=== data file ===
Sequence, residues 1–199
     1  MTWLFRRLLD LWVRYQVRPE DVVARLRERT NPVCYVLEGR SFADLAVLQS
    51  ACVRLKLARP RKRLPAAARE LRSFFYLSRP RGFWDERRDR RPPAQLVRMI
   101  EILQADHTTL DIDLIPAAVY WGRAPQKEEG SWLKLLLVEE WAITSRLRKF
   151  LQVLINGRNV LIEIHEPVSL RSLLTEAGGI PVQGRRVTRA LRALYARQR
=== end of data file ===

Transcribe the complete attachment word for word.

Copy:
Sequence, residues 1–199
     1  MTWLFRRLLD LWVRYQVRPE DVVARLRERT NPVCYVLEGR SFADLAVLQS
    51  ACVRLKLARP RKRLPAAARE LRSFFYLSRP RGFWDERRDR RPPAQLVRMI
   101  EILQADHTTL DIDLIPAAVY WGRAPQKEEG SWLKLLLVEE WAITSRLRKF
   151  LQVLINGRNV LIEIHEPVSL RSLLTEAGGI PVQGRRVTRA LRALYARQR